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As our bottom time drew toward the limit (25 minutes at 100 feet), we spotted something that was perhaps suspicious. Two gorgonian sea fans, which are upright bush-like organisms that usually have a fuzzy lushness to their branches, looked sickly. They were just skeletons, nude spindly twigs blowing in the surge. Aha, I thought. Environmental damage! But then I had to admit that I had seen gorgonians similarly denuded off La Jolla. Things die.

I had become so engrossed in the whole busy scene that I was startled to feel a resistance in my regulator. A glance at the air-pressure gauge showed less than 300 pounds: safe diving technique requires that divers ascend to the surface when they’re down to 500 pounds of air. I grabbed Bill’s leg and ran my finger across my throat denoting no air. We went up immediately. On the surface, as we looked around for the boat, Bill said I had interrupted his raid on a den of three large lobsters.

The sewage outfall pipe is a reinforced concrete tube 9 feet in diameter and 11,450 long. At a depth of 200 feet, a “Y” structure send the pipe off in tow diverging sections. These sections are made of reinforced concrete pipe 6 feet 6 inches in diameter, each 1368 feet long, ending in about 210 feet of water in an 80-ton concrete structure that acts as an anchor. These two sections are called the diffusers. Every 48 feet long along the diffuser legs, on alternating sides of the pipe, is a port measuring 10 by 12 inches. Out of these ports, day and night since 1963, San Diego’s treated sewage has spilled into the sea.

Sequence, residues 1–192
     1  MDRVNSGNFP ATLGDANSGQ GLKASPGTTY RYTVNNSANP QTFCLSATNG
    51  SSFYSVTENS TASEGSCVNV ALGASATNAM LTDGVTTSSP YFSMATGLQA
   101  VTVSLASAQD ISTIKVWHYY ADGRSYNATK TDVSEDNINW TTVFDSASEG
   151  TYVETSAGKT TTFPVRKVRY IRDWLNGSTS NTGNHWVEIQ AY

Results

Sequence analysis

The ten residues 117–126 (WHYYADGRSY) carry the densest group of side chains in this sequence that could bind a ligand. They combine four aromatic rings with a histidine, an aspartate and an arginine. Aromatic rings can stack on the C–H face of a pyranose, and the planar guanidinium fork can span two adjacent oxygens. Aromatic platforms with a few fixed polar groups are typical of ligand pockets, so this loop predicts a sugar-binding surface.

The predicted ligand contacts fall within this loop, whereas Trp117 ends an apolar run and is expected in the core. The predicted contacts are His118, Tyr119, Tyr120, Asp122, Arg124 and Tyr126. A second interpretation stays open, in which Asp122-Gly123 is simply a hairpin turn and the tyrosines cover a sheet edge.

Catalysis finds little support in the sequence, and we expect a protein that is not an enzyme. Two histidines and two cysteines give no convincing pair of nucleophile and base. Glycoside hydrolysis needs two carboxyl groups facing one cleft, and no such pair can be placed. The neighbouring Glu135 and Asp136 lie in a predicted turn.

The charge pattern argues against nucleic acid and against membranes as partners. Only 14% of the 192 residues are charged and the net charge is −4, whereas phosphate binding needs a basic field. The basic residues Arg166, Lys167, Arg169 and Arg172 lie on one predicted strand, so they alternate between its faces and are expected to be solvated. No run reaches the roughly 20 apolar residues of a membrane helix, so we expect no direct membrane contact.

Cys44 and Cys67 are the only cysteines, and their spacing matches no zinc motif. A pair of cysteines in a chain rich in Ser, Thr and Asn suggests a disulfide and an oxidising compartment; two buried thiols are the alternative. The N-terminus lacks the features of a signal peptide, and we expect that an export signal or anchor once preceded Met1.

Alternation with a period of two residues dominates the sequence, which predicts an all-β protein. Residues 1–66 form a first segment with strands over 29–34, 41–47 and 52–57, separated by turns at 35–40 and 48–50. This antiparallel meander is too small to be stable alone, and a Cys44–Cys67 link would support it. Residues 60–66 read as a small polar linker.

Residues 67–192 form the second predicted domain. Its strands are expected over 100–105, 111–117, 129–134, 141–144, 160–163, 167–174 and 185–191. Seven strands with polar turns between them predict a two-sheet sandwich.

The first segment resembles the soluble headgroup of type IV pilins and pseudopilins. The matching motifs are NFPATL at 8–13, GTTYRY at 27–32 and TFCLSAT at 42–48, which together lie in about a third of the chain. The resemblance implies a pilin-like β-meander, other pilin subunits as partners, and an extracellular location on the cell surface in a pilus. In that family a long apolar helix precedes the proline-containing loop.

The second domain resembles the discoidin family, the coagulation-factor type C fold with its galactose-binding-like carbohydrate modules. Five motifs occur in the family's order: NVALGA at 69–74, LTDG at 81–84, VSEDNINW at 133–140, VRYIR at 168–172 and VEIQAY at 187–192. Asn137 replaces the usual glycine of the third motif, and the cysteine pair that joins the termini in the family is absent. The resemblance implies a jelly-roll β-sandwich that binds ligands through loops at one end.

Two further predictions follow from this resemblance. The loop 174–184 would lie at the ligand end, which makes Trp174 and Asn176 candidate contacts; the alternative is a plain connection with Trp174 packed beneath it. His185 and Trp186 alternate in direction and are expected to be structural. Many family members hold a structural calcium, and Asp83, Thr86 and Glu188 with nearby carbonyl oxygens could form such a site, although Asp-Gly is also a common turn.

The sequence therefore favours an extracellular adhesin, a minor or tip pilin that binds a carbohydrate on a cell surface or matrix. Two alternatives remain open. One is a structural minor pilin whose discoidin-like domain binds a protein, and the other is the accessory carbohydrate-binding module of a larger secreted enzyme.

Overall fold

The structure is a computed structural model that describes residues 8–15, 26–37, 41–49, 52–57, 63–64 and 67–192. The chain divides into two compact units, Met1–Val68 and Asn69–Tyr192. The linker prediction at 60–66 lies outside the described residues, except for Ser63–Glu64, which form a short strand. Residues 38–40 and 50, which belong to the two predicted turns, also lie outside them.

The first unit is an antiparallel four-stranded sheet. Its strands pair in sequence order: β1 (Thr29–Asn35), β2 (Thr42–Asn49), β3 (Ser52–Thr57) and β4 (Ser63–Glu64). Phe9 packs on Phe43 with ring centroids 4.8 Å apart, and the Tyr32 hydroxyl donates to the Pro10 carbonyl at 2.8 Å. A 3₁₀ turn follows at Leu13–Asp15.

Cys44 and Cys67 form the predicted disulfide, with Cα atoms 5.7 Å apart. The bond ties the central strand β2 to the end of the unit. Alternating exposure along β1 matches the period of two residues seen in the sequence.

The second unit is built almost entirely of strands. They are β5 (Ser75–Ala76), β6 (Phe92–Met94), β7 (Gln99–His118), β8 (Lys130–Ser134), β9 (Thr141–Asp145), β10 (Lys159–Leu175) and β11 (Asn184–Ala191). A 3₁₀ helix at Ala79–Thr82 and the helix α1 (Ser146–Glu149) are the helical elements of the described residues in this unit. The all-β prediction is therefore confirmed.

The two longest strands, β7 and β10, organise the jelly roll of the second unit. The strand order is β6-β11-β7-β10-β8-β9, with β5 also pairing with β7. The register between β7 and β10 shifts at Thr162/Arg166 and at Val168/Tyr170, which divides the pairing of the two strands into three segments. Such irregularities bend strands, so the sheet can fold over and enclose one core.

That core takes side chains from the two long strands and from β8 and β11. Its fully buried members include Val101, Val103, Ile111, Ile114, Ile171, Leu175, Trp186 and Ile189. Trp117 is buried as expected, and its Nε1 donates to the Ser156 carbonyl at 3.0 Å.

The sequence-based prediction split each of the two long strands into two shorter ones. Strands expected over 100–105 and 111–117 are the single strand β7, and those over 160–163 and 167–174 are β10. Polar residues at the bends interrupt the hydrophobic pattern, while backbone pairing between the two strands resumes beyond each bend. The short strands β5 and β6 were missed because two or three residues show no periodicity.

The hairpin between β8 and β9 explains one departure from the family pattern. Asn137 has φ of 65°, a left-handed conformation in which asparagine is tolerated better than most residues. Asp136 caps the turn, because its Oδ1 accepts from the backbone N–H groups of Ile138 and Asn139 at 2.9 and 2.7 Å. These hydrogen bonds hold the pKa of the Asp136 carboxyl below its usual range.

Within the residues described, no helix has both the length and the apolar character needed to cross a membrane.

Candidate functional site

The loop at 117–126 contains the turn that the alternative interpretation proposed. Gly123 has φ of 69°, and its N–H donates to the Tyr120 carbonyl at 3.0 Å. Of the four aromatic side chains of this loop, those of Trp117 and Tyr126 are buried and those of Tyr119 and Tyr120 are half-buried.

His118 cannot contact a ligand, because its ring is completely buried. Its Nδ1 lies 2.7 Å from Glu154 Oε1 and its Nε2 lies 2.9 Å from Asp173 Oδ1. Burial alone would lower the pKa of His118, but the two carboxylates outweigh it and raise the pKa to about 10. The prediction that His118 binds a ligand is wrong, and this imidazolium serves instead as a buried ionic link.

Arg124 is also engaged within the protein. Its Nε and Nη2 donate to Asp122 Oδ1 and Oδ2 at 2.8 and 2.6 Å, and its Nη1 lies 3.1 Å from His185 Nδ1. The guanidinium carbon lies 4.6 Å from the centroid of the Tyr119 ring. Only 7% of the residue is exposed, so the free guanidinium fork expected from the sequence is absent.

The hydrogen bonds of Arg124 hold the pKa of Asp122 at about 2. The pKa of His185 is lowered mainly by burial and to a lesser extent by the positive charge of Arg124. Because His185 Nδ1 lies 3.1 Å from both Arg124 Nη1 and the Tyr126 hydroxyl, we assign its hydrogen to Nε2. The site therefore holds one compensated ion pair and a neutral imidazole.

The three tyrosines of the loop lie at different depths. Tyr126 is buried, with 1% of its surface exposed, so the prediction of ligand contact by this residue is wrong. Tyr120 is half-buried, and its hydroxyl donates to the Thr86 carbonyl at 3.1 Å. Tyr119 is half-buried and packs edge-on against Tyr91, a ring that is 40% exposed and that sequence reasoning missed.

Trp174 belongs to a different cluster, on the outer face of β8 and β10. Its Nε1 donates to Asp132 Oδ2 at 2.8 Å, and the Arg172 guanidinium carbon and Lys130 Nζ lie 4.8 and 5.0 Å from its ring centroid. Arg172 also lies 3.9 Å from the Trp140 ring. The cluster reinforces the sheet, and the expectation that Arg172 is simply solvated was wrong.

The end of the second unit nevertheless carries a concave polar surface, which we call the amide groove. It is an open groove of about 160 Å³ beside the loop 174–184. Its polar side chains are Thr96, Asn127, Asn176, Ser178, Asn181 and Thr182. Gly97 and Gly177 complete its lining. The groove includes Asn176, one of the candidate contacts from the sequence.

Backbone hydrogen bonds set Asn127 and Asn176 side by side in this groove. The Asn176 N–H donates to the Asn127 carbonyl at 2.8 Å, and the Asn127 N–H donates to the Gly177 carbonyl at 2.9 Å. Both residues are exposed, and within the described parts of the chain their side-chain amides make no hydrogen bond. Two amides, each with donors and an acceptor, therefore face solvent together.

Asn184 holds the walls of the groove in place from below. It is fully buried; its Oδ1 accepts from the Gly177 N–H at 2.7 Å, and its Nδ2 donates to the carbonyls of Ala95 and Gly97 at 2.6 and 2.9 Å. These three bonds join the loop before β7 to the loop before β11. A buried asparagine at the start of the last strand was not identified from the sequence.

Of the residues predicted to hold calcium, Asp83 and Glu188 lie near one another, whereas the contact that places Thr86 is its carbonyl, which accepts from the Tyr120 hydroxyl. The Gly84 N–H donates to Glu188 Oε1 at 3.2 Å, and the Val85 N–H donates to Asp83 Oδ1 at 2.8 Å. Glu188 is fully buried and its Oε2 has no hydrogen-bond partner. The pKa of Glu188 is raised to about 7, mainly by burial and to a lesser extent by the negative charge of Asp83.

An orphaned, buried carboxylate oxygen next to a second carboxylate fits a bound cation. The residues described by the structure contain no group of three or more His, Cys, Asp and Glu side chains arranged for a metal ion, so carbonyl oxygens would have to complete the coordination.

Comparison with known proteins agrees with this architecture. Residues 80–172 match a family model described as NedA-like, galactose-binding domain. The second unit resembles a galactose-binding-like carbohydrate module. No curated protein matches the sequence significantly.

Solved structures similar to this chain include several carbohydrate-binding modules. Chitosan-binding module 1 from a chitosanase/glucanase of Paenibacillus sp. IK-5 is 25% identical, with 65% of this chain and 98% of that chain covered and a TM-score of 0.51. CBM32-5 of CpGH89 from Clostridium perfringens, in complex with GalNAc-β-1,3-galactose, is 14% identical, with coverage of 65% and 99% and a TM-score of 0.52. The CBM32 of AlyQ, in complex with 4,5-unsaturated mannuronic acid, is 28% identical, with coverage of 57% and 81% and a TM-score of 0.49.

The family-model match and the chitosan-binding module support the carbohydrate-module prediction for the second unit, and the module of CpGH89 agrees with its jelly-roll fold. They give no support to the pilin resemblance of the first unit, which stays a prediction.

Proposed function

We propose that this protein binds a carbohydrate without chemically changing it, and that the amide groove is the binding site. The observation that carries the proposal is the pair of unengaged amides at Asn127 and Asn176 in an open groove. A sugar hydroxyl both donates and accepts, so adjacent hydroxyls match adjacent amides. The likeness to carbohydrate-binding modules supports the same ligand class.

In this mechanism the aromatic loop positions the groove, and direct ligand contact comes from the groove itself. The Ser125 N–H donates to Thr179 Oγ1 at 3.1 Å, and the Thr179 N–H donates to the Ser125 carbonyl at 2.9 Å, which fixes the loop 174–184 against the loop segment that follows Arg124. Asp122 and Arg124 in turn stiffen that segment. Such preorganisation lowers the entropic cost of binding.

The pipe cost about $10.5 million to build as part of the $52 million metropolitan sewerage system, and it also cost diver Lee Jamison his life. Rod Donnelly, a civil engineer who retired last year from the City of San Diego, was in charge of the inspection process during construction of the pipe. Donnelly, during an interview in his La Mesa home, dug through his diaries relating to the outfall construction and came up with the date that Jamison died of the bends: September 5, 1962.

Donnelly said that Jamison had been on the job since it began, in June of 1962, and he was one of a couple of dozen hard-hat divers who dove constantly and who suffered routinely from the bends. “The bends were very common, but usually minor,” says Donnelly. “Pain in the elbow or knee was just part of the job. The diving supervisor even had his own decompression chamber in his garage. He’d wake up in the middle of the night with a twinge in his elbow, jump in his chamber, and take himself down to 90 feet and decompress.” Many of the hard-hat divers, whose main job was lining up and connecting the 24-foot-long sections of pipe (the connections are compression joints, sealed by an internal rubber O-ring), then dumping the ballast rocks beneath the pipe as a foundation, refused to take a break from their rigors. Jamison was one of these. “He said he was 40, but I think he has 43,” Donnelly recalls. “Older divers like that can’t dive day after day without accumulating problems with the bends. But Lee saw this as his last chance to make any real money.”